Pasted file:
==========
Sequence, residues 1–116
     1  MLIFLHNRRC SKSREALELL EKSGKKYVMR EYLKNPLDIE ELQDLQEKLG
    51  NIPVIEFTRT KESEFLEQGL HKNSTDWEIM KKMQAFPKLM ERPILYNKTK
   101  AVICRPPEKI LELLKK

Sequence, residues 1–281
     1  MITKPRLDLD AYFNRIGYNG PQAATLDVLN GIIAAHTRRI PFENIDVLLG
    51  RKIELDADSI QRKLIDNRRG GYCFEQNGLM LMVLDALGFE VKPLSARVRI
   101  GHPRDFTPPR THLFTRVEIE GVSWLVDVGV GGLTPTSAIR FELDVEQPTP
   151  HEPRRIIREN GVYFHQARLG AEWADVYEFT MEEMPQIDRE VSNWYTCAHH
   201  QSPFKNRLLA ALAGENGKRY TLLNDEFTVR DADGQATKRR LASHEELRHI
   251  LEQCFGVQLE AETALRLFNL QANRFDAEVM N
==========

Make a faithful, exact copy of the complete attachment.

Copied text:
Sequence, residues 1–116
     1  MLIFLHNRRC SKSREALELL EKSGKKYVMR EYLKNPLDIE ELQDLQEKLG
    51  NIPVIEFTRT KESEFLEQGL HKNSTDWEIM KKMQAFPKLM ERPILYNKTK
   101  AVICRPPEKI LELLKK

Sequence, residues 1–281
     1  MITKPRLDLD AYFNRIGYNG PQAATLDVLN GIIAAHTRRI PFENIDVLLG
    51  RKIELDADSI QRKLIDNRRG GYCFEQNGLM LMVLDALGFE VKPLSARVRI
   101  GHPRDFTPPR THLFTRVEIE GVSWLVDVGV GGLTPTSAIR FELDVEQPTP
   151  HEPRRIIREN GVYFHQARLG AEWADVYEFT MEEMPQIDRE VSNWYTCAHH
   201  QSPFKNRLLA ALAGENGKRY TLLNDEFTVR DADGQATKRR LASHEELRHI
   251  LEQCFGVQLE AETALRLFNL QANRFDAEVM N